eCM (Eur Cell Mater / e Cells & Materials) Not-for-profit Open Access
Created by Scientists, for Scientists
 ISSN:1473-2262         NLM:100973416 (link)         DOI:10.22203/eCM

2007   Volume No 13– pages 26-39

Title: A model of synovial fluid lubricant composition in normal and injured joints

Author: ME Blewis, GE Nugent-Derfus, TA Schmidt, BL Schumacher, RL Sah

Address: Departments of Bioengineering and Whitaker Institute of Biomedical Engineering, University of California-San Diego, La Jolla, CA

E-mail: rsah at

Key Words: synovial fluid, proteoglycan 4, hyaluronic acid, permeability, cartilage, synovium, lavage, HA injection

Publication date: March 6th 2007

Abstract: The synovial fluid (SF) of joints normally functions as a biological lubricant, providing low-friction and low-wear properties to articulating cartilage surfaces through the putative contributions of proteoglycan 4 (PRG4), hyaluronic acid (HA), and surface active phospholipids (SAPL). These lubricants are secreted by chondrocytes in articular cartilage and synoviocytes in synovium, and concentrated in the synovial space by the semi-permeable synovial lining. A deficiency in this lubricating system may contribute to the erosion of articulating cartilage surfaces in conditions of arthritis. A quantitative intercompartmental model was developed to predict in vivo SF lubricant concentration in the human knee joint. The model consists of a SF compartment that (a) is lined by cells of appropriate types, (b) is bound by a semi-permeable membrane, and (c) contains factors that regulate lubricant secretion. Lubricant concentration was predicted with different chemical regulators of chondrocyte and synoviocyte secretion, and also with therapeutic interventions of joint lavage and HA injection. The model predicted steady-state lubricant concentrations that were within physiologically observed ranges, and which were markedly altered with chemical regulation. The model also predicted that when starting from a zero lubricant concentration after joint lavage, PRG4 reaches steady-state concentration ~10-40 times faster than HA. Additionally, analysis of the clearance rate of HA after therapeutic injection into SF predicted that the majority of HA leaves the joint after ~1-2 days. This quantitative intercompartmental model allows integration of biophysical processes to identify both environmental factors and clinical therapies that affect SF lubricant composition in whole joints.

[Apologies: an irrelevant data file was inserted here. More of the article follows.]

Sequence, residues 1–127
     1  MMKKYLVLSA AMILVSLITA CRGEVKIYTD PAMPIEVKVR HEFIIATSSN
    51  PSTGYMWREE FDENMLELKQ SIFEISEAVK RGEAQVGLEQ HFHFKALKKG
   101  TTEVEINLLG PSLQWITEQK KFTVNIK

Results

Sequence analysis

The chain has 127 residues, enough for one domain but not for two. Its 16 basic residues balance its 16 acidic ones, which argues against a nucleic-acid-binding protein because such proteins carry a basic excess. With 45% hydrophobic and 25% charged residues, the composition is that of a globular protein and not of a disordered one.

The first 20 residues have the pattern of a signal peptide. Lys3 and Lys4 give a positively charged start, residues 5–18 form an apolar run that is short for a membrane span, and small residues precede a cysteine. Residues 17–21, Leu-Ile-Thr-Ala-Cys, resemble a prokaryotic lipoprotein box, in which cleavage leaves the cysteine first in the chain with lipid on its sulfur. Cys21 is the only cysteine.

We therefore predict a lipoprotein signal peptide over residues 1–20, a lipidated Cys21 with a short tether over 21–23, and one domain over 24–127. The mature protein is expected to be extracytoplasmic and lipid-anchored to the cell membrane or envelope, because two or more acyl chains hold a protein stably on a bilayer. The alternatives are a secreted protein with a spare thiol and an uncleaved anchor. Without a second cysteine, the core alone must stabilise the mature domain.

Article download: Pages 26-39 (PDF file)
DOI: 10.22203/eCM.v013a03